On impulse, Solis said, she decided she’d run as a write-in and ended up with the requisite 25 votes. That gave her less than three months to campaign for the general election where she faced Rep. Bill Henderson (R-Cheyenne). 

Solis ultimately lost, but not by much — 221 votes. 

“I think what that campaign showed was that people do want choice, and I think that’s important across the state,” Solis said. “It’s something that we’re getting away from.”

Depending on who wins the Republican nomination in House District 41, Solis will face Henderson again, or Gary Brown for the first time.  

Solis said her 2022 campaign was a “super positive experience,” but said she’s also prepared to face whatever ugliness she encounters on the campaign trail.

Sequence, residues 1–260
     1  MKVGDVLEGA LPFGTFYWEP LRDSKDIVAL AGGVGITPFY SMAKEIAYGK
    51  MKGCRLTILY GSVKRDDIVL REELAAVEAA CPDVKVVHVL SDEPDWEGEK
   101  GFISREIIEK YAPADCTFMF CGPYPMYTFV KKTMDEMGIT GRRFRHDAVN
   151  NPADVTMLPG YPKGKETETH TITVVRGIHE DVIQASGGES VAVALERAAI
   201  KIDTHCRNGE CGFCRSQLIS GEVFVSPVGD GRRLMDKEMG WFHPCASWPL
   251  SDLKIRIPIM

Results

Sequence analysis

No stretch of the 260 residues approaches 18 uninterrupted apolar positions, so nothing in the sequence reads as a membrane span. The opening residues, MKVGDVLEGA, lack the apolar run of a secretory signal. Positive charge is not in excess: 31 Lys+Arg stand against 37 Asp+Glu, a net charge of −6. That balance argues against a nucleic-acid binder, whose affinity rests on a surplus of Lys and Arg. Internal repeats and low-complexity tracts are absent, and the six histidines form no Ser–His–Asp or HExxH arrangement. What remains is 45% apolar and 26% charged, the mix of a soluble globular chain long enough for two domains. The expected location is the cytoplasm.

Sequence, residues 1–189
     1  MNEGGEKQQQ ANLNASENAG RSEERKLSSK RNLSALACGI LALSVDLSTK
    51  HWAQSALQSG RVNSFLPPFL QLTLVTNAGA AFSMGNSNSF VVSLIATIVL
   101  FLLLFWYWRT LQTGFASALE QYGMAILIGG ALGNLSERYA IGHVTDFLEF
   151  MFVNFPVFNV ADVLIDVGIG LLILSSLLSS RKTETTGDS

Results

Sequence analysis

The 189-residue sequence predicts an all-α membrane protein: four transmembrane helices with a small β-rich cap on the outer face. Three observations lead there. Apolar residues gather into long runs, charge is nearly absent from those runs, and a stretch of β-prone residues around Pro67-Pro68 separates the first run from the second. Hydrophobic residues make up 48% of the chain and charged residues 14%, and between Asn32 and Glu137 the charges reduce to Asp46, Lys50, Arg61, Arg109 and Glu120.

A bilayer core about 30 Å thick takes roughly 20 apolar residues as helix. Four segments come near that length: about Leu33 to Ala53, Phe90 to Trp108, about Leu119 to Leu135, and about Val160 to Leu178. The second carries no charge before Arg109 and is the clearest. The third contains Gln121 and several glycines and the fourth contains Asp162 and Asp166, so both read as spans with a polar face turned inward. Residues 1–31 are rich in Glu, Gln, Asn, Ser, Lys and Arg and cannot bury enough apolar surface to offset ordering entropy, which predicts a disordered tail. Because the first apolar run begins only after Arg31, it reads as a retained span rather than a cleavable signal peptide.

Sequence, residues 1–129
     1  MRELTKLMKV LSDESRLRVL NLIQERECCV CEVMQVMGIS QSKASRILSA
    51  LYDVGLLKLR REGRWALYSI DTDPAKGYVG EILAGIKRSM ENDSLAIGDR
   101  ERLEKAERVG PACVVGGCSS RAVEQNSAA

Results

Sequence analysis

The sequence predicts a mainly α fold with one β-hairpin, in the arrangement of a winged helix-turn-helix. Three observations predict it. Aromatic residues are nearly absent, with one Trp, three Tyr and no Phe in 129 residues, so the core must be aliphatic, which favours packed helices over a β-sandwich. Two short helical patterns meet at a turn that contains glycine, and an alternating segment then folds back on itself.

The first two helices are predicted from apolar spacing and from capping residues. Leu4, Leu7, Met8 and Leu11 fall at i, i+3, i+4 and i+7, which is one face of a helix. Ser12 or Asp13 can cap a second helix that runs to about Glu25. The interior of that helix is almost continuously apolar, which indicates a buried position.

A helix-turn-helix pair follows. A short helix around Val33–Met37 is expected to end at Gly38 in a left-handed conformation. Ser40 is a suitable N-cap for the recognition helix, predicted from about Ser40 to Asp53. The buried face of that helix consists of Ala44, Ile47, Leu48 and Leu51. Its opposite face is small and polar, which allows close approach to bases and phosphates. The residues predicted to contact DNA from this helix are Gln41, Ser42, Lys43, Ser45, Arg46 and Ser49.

“We’ve let this sort of story take over, this narrative of, ‘We are the most conservative state.’ And sure, yeah, we are. But that doesn’t mean there hasn’t been Democratic leadership that shaped our way of life,” Solis said, pointing to Wyoming’s former Democratic congressmen, governors and lawmakers. 

“And we’re losing [sight of] that if we only let the debate be between the ultra-far right and the moderate right,” Solis said. “There has to be a conversation that includes all Wyomingites.”

The primary election is Aug. 20. Early voting for most residents starts July 23. 

Tennessee Watson contributed to this reporting.


This article was originally published by WyoFile and is republished here with permission. WyoFile is an independent nonprofit news organization focused on Wyoming people, places and policy.